5 buildings you must not miss at Open House NY

We pick our highlights from the city's annual public-access architecture event this coming weekend
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Hudson Yards, New York
Hudson Yards, New York

If the leaves are beginning to collect in the roofs and guttering of New York City, then it must mean its time for Open House New York. The annual event, now in its twelfth year, offers public access to the city’s finest building this coming weekend, 11-12 October. Here are five must-sees from this year’s list. 

 

Louis Kahn’s Four Freedoms Park
Louis Kahn’s Four Freedoms Park

Take the kids to Louis Kahn’s Four Freedoms Park  FDR Four Freedoms Park was completed in 2012, from plans first drawn up by the late, great American architect Louis Kahn in the early 1970s. Like Kahn’s more famous Salk Institute in La Jolla, California, the simple, geometric stone space looks at once both ancient and modern. Tickets for the adult tour have sold out, but the kids’ event is still available. Bring your budding architect along, and, after touring the site, you can both build a minimal monument with toothpicks and marshmallows. 

 

Inside Sugar Hill Museum Preschool. Image courtesy of Broadway Housing Communities
Inside Sugar Hill Museum Preschool. Image courtesy of Broadway Housing Communities

See inside Sugar Hill David Adjaye’s new affordable housing development at 155th St and St Nicholas Avenue in Harlem is a striking building on the exterior. However, as with many of this British architect’s works, the foreboding exterior is offset with a surprisingly welcoming interior. Tour the building’s Museum Preschool, an early childhood centre, to understand how the architect goes from a stark black block to the light, kiddy-friendly space.

 

The Austrian Cultural Forum
The Austrian Cultural Forum

Get the skinny on the Austrian Cultural Forum The Austrian architect, Raimund Abraham, saw his slim, striking tower on the tiny, 25 by 81 feet site, completed in Midtown Manhattan back in 2002. Abraham, a noted Austrian conceptualist, immigrated to the US in 1964 and introduced many 20th century European styles to the US. As we put it in the Phaidon Atlas of 20th Century Architecture, “The front façade is layered with a swooping curtain of cascading panels of glassy punctuated by solid elements;” think Mies meets medievalism. If you want to see how a modern skyscraper can incorporate a primal, near-gothic look and feel, head here.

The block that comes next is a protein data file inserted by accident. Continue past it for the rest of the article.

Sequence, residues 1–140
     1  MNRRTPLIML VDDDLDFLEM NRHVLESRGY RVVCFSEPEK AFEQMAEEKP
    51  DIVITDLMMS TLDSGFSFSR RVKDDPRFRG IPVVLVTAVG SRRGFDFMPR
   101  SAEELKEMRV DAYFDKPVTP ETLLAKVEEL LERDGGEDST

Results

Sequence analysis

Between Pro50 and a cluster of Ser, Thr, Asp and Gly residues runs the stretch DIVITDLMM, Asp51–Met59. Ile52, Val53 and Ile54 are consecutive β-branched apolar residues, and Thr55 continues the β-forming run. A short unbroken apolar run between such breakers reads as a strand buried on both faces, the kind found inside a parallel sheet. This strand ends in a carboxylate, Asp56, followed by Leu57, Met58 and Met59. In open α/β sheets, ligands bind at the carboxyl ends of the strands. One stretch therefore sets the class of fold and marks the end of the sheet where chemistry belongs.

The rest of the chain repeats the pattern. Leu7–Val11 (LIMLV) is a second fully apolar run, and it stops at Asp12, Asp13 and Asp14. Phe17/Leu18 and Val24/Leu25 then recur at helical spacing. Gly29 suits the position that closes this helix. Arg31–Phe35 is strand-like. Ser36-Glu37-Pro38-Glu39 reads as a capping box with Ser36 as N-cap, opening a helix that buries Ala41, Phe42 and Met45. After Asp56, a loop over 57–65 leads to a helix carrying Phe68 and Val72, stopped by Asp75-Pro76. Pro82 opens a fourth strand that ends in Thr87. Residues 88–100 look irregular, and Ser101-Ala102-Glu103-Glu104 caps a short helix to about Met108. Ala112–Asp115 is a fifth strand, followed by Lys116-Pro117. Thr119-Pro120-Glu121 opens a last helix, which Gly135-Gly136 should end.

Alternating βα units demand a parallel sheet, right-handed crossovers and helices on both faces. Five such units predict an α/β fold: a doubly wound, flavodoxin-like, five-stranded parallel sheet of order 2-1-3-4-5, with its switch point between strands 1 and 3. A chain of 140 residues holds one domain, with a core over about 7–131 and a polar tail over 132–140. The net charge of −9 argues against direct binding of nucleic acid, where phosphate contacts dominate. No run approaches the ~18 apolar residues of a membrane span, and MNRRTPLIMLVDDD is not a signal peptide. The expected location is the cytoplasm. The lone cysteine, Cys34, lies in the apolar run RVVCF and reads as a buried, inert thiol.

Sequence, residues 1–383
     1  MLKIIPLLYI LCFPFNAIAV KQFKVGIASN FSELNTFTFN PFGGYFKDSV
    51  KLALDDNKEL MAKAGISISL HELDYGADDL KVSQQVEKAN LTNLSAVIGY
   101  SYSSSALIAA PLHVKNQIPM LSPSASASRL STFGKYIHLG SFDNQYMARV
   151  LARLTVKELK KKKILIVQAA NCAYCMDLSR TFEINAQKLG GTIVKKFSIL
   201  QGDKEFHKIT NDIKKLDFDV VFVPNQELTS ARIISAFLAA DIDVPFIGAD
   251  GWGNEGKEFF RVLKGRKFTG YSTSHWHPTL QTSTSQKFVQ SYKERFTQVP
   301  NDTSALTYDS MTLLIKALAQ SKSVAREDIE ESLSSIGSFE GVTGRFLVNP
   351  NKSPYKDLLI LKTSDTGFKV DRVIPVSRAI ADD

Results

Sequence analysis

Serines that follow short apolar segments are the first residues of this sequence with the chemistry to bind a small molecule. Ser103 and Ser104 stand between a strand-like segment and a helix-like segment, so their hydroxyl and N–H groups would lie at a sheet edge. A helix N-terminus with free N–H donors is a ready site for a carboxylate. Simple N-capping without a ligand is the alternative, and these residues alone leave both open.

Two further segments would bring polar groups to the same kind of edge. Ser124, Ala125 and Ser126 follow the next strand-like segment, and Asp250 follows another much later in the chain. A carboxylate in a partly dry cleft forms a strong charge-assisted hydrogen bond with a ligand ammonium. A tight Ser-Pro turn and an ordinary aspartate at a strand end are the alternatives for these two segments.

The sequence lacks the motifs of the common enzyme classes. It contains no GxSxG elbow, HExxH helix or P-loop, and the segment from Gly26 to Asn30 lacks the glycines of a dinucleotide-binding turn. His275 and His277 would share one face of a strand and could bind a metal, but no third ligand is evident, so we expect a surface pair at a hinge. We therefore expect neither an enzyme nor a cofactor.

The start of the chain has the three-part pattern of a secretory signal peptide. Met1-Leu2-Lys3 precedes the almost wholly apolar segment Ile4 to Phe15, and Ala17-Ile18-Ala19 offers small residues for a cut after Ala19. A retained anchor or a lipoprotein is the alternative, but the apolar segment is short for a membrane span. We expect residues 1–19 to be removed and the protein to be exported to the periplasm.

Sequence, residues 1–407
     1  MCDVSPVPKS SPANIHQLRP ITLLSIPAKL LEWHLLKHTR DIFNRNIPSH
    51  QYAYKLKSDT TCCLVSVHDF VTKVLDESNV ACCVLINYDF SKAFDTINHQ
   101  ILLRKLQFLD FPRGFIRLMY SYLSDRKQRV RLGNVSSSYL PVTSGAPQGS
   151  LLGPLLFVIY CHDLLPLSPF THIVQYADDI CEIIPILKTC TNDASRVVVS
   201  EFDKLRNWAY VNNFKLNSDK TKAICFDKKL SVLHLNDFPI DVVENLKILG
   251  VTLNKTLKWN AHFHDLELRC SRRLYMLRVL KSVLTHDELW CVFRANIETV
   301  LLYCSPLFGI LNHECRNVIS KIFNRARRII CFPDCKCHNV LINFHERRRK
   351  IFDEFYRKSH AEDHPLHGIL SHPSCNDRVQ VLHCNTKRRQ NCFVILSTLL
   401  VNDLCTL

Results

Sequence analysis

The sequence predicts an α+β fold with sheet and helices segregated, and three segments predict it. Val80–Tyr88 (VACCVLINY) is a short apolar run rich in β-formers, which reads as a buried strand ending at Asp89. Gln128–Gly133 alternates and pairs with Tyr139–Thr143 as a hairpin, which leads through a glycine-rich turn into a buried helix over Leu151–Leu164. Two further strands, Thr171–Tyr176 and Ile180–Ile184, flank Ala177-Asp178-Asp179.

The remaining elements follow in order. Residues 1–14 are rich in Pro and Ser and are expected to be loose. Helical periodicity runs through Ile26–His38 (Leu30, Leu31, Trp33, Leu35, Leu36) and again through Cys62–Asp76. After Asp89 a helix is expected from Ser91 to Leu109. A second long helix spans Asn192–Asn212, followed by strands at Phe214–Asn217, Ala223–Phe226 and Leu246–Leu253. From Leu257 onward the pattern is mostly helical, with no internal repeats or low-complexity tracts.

Keith Haring's altar piece, at St John the Divine
Keith Haring's altar piece, at St John the Divine

Find the art in the Cathedral Church of St John the Divine For true Gothic Revival architecture visit this, the world’s fourth largest Christian church. St John the Divine’s cornerstone was laid in 1892, and construction continues to this day, on this multifaceted building that takes in Romanesque-Byzantine and Neo Gothic styles. Yet the cathedral also has an altarpiece by Keith Haring, and is currently displaying a monumental sculpture, Phoenix, by the Chinese artist Xu Bing. Come for the architecture but stay for the art.

 

Hudson Yards
Hudson Yards

See how New York will look in 2018 To get an idea of how Manhattan might look in a few years time visit Hudson Yards, the largest private real estate development in the history of the United States and the largest development in New York City since Rockefeller Center. The site, on the far West Side of the city, will house more than 17 million square feet of commercial and residential space, five office towers, a 750-seat public school and a 175-room hotel. The five, sleek new towers are being overseen by Kohn Pedersen Fox Associates. Come here to see how they’re getting along.

 

Fern Vernon-Bernich at Brooklyn Phono. Photograph by Ben Wallen
Fern Vernon-Bernich at Brooklyn Phono. Photograph by Ben Wallen

See records being made at Brooklyn Phono OK, we said five, but this inclusion looks like a lot of fun too. It might not have its architectural clout of the other buildings, but Brooklyn Phono is a great addition to this year’s Factory Friday strand, which focuses on the city’s manufacturing plants. This record pressing business in Sunset Park opened in 2004 and today produces discs for a variety of independent labels. Visit this Friday to learn how co-founder Fern Vernon-Bernich is keeping vinyl alive in a digital age.

And for more great building projects around the world, sign up for a free trial of the Phaidon Atlas, our peerless online architectural resource, here.


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